In Search of Small Gods

by Jim Harrison
Copper Canyon Press 2009
Reviewed by Melinda Wilson

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Storied

harrison coverIn Search of Small Gods smells like a book from the Fremont Public Library, but admittedly this has nothing to do with the author or his skills. It’s simply a friendly reminiscence, a nice connotation I have with the book, and perhaps with the Fremont Public Library which was a tiny, one-room schoolhouse type building with a small desk in a dingy corner. The librarian’s name was Mrs. Bassett. Or perhaps she was the third grade teacher at the public school which I went to only for a day. Enough, though.

Jim Harrison’s most recent of around 30 books is packed with melancholy parables and fireside reminiscences. It opens with a translated passage from Antonio Machado’s “Proverbs and Songs #29.” Machado is a Spanish poet of the 20th Century and the passage contains both English and Spanish versions. It depicts a traveler warned by Machado’s speaker that the road is not pre-existent, but rather is created by the act of walking. The passage ends with the following lines, perhaps more beautiful than any in the actual Harrison book: “Walker, there is no road / only foam trails on the sea.” Foam trails disappear, and in other words, there is nothing in human life but that which is crafted. Its meaning is cheesy, yes, but its implications of self-exploration and discovery of the world first through the self are significant and threaded throughout Harrison’s work.

There is a lot of threading in the book, especially with the titular “small gods.” The first poem, whose title comes from the religious notion of faith and belief, ends with the following lines: “the fluttering unknown gods that I nearly see / from the left corner of my blind eye, struggling / to stay alive in a world that grinds them underfoot.” We see several themes here. First, there are the gods and faith. Next, there is the walker suffocating the gods “underfoot”—the world is constant grinding and change, is a billion small gods suffocating a billion others. There are social implications, perhaps—we’re a largely disaffected society—but to that end, the poem just throws its punch and runs away.

How else can a list poem end, though? “I Believe” is most certainly a list poem, as are at least five others in this long, laborious collection. There is nothing inherently bad about list poems; every poet writes at least one. But rarely are they capable of conjuring much than the sense that a writer has checked thoughts and images of the metaphysical checklist. Yet another list poem, “Larson’s Holstein Bull,” is probably the finest poem in Harrison’s book. The first four lines begin with the word “death,” and the poem proceeds to tell the story of a farm girl with limited mental capabilities who was killed by a bull. The poem is memorable, but spoiled by its final threading: “Death steals everything except our stories.” Harrison’s poem is strong, but smudged by his urge to tell us its “point.”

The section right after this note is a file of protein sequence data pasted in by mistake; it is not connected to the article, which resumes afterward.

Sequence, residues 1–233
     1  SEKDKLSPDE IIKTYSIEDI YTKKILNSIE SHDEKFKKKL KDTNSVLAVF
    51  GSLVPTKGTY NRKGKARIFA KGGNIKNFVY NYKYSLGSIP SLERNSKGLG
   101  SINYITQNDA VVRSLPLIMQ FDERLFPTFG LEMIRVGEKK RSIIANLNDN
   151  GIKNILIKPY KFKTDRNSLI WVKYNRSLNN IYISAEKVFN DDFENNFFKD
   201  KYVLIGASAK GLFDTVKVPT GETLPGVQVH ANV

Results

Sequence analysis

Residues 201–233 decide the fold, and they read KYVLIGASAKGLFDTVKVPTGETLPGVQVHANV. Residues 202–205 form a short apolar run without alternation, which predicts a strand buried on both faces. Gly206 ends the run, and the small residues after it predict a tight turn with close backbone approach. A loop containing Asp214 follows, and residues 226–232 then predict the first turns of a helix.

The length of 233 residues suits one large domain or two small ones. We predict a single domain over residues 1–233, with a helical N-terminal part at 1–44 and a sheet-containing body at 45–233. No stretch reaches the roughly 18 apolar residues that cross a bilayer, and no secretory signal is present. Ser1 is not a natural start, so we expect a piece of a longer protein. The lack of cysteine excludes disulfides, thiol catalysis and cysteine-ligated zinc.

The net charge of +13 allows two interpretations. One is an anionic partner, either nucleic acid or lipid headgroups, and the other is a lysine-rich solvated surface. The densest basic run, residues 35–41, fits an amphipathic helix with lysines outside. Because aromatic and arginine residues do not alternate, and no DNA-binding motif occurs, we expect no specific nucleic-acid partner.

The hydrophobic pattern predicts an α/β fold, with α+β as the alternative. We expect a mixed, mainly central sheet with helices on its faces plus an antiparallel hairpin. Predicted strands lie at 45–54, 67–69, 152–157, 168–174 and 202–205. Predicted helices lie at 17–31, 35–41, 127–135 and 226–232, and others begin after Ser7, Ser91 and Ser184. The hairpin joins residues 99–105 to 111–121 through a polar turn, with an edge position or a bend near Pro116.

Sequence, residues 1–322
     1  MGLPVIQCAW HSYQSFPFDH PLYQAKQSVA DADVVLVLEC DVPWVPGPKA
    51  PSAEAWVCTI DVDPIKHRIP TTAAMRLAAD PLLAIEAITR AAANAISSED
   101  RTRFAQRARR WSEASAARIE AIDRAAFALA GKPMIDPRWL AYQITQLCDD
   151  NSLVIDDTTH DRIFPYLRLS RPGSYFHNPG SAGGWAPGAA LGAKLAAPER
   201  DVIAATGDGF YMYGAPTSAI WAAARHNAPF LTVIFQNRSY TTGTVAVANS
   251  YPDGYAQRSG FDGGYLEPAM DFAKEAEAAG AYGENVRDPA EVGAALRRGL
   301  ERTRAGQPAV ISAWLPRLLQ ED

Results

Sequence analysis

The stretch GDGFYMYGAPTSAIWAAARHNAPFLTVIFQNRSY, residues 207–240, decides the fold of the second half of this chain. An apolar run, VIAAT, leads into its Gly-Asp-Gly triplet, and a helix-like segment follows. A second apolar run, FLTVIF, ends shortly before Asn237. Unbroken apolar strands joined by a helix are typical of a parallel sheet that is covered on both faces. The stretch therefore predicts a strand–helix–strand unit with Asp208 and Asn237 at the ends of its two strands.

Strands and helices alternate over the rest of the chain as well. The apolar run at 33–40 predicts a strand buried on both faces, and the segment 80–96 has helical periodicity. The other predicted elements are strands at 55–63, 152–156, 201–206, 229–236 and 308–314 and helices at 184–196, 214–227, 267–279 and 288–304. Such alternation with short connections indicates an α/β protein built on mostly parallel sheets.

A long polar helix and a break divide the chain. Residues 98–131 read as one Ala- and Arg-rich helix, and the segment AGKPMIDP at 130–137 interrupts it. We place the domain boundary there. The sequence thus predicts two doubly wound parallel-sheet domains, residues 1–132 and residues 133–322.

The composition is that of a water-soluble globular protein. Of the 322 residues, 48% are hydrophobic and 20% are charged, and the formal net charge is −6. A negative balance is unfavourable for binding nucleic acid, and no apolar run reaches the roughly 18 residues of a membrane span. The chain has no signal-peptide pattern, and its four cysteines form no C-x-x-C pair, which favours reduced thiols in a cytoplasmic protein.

A finer idea that consistently comes up in Harrison’s book is one that first appears in a poem called “Hard Times.” The idea first presented itself to me through a friend who once told me that after his death, he hopes his ashes will be eaten by birds. Then he (as a part of a larger more complex consciousness) will experience (or fuel) flight, something he will never otherwise experience (see also Mary Oliver’s “Vultures). Harrison’s version reads: “within the bodies / of birds. I’ll be a simple crow / who can reach the top of Antelope Butte.” The entire poem, the man tries to reach the top of this butte, so his perceived ability to reach it at the end is a victory; however, this ability comes through something like reincarnation instead of something rooted in his own human experience. The obsession with birds carries through the ensuing poem, titled “Age Sixty-nine”: “I hope one day to be a spiral / but to the birds I’m a circle.” Harrison reaches out to touch mortality, and finds that it touches back.

Another area of Harrison’s work that consistently impresses is his flare for the natural. In a longer poem, “The Golden Window,” he writes:

I continued west toward the snake den to try to catch
the spirit of the place when it’s asleep, the sheer otherness
of hundreds of rattlesnakes sleeping in a big ball
deep in the rocky earth beneath my feet.

This passage does two things that I admire. It captures the natural world, the rattlesnakes underground, and it discusses a sense of “otherness” that we feel about nature, perhaps the very reason why some hunt. Harrison is able to form a connection with this sensation—an impossible blend of fusion with nature and separation from it—that is often difficult to form on one’s own.

Clichéd ideas and awkward levels of reminiscent melodrama become problems in many of these poems. For instance, in “Hard Times” Harrison writes, “my mind begins to learn / my heart’s language.” Harrison also refers to “a compass without a needle.” Overdone. Reading these poems helped me to develop the “Harrison Test.” I read the poems in a pretentious tone and see what happens. Try it. Here’s the start of a poem from In Search of Small Gods called “Cow Meditation”: “Whenever I’m on the verge of a book tour…” Nevermind.

Finally, I’d like to comment on one other facet of Jim Harrison’s work… “The World’s Fastest White Woman” first appeared in Playboy.

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